Just like they've done with past perpetual licenses (both their own, and acquired) they will terminate the licensing servers and force you to subscribe. If you take a look into the past as an example when it will occur, probably within the first year, definitely in the second.

I am definitely expecting adobe to attempt invalidating our perpetuals. Any idea if we have any kind of legal ground for a class action lawsuit when it happens?
No need for a lawsuits guys, you keep your perpetual licenses, no doubt about that. You own it. :)

I know a lot of people are concerned that they'll lose the use of their perpetual licenses, but as the licensee of the CS6 Master Collection that continues to work fine, (and even gets the occasional update to Acrobat 10,) I don't expect Adobe to do something so stupid as to make the software unusable. Too many legal issues with something like that, and big corporation or not, law suits drain profits.

However, many of us are concerned that our right to convert our Indie License subscription to a Perpetual License for $49 after 12 months is going to be taken away. Can you assure us that Adobe will honor what is still currently being advertised on your website? Better yet, can an official representative of Adobe come in here and give us that assurance?

The thing is, while Allegorithmic is located in France, it is now part of a US based company and therefore subject to the laws of the United States and the Federal Trade Commission. The FTC not only frowns on false and/or deceptive advertising, but have the authority to levy very hefty fines on companies that engage in it. Those fines are levied on a per incident basis. It wouldn't take very many complaints by those of us who signed up for the subscription path to a perpetual license but were later denied the option to get the FTC to investigate. As I have a screenshot of the offer, taken yesterday, (and I assume others have taken screenshots as well,) it will be relatively easy to prove the offer was still being advertised even after the Adobe acquisition of Allergoritmic.

So it makes sense to me that Adobe will choose to honor the offer for any who signed up for the Indie License while the offer is advertised on the website. Anything less than that would not be "fair" to Allegrorithmic customers, old and new. Not to mention end with Adobe being scrutinized by the FTC, something else that has the very real potential to drain their profits.

However, I would feel a whole lot better if someone with the authority to do so would come in here and reassure us, specifically, that we will still be able to convert our Indie License subscriptions to a Perpetual License for the advertised $49!

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A number of years ago, I was a member of a stock photo club owned and operated by Fotolia. The Dollar Photo Club was a $10 monthly subscription with 10 images a month. Additional images were $1 each. Commercial use was included, though an extended license was available and required for some situations. The neat thing was, the image credits didn't expire, they carried over. I might only use one image in a month, but then in another month need several. I was always covered and with an easy to budget $10.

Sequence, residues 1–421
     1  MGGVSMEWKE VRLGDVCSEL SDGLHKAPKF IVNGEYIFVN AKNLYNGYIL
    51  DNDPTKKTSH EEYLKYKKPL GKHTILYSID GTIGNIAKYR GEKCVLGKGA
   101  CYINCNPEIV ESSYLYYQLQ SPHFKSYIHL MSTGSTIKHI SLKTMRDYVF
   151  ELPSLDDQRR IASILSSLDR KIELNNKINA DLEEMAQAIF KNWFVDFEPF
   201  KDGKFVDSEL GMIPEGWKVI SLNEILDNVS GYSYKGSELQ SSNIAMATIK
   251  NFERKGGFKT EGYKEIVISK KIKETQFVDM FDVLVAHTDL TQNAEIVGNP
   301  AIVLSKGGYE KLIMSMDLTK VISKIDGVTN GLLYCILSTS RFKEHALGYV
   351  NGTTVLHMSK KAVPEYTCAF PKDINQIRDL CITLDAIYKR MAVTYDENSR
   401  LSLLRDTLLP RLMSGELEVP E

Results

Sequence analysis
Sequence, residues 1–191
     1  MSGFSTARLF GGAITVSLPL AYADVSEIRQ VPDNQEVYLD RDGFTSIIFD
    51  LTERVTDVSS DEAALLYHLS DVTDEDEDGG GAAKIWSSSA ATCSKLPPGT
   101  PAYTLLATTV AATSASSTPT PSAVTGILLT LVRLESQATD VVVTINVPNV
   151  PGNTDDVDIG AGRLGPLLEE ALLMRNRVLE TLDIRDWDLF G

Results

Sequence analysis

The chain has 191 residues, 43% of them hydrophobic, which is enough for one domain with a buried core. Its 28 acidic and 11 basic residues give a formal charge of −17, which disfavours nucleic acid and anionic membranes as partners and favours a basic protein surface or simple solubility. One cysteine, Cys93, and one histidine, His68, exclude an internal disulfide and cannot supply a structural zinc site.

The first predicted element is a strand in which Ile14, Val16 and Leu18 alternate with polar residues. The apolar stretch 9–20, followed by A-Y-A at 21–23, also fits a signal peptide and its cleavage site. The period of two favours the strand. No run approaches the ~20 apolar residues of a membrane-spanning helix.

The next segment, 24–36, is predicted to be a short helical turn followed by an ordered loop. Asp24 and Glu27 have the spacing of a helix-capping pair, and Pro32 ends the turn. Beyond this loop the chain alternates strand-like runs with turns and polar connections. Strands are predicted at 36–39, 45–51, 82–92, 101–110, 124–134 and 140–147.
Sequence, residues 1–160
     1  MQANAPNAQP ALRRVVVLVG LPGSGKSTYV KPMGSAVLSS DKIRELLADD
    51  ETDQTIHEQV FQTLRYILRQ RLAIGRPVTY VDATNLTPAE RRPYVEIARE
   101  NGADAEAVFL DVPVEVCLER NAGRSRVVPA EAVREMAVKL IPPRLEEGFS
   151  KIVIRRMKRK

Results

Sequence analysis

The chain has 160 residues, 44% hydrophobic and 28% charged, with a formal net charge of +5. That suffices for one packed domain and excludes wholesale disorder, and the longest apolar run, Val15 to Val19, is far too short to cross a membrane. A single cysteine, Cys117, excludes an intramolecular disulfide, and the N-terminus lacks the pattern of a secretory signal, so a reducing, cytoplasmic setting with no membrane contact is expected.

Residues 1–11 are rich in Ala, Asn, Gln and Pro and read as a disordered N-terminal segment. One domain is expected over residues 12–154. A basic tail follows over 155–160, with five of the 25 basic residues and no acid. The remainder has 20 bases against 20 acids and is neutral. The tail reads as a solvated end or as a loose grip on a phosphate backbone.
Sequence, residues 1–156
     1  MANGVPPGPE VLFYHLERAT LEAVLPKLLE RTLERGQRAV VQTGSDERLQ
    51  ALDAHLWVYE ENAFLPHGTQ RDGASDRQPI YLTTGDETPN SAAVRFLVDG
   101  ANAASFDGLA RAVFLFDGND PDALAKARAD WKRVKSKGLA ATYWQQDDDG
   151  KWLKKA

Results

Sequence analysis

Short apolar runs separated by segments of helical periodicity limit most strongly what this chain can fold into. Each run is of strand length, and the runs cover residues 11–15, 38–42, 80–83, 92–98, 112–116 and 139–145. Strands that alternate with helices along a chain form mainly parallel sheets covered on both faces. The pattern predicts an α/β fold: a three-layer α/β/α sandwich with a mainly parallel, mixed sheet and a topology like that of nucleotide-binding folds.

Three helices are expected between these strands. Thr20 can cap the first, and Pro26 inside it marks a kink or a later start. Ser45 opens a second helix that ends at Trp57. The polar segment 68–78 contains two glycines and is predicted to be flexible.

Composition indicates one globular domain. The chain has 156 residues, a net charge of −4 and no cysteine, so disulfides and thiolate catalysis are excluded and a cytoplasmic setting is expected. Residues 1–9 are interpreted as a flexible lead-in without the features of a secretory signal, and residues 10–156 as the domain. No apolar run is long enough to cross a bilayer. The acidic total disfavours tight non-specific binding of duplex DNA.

Then Adobe bought Fotolia.

The club stayed open and the subscription stayed the same. In fact, nothing changed except no one could sign up anymore. Any attempt to sign up sent you to the new Adobe Images site, where all the stock images previously available on Fotolia were now available for $10 per image.

I know you see where this is leading. At some point, (six months, maybe more. I really don't remember,) Adobe closed down the Dollar Photo Club and we were forced to create an account with Adobe Images or lose any unused image credits. Instead of those credits being good until used, they expired one year after our forced migration to Adobe Images.

We were offered a better subscription deal than the general public, if we signed up within a specific time frame, However, the better deal was for a set number of months. After that, our subscriptions would be the same, and we'd pay the same as everyone else.

In the end, I lost something like 78 image credits, (or $78,) because I was unable to use all the stored credits before the end of the year.

I was offended when Adobe went to a subscription only model. The problem I had then, and still have today, is there isn't an exit plan for loyal customers. Fortunately, I have the CS6 Master Collection. Even so, I'd have bought into the subscription model, which at the time would have cost about the same as an annual upgrade, but in 12 smaller monthly payments. But knowing I'd lose access to my own work when I could no longer afford the subscription, (because there are things in CC that are not available in CS6 and which won't work in CS6,) was a deal breaker. I'd have been happy with just getting the then current copy of Photoshop at the end of 5-7 years of subscriptions, but that's not an option.

So I said Goodbye to Adobe products, and continue to use programs from the CS6 era.

Given my first hand experiences with both the Adobe software, (and their don't-give-a-damn Customer Service,) and how Adobe treated the Dollar Photo Club customers after acquiring Fotolia, I am not optimistic about Allegorithmic being acquired by Adobe. To say the least.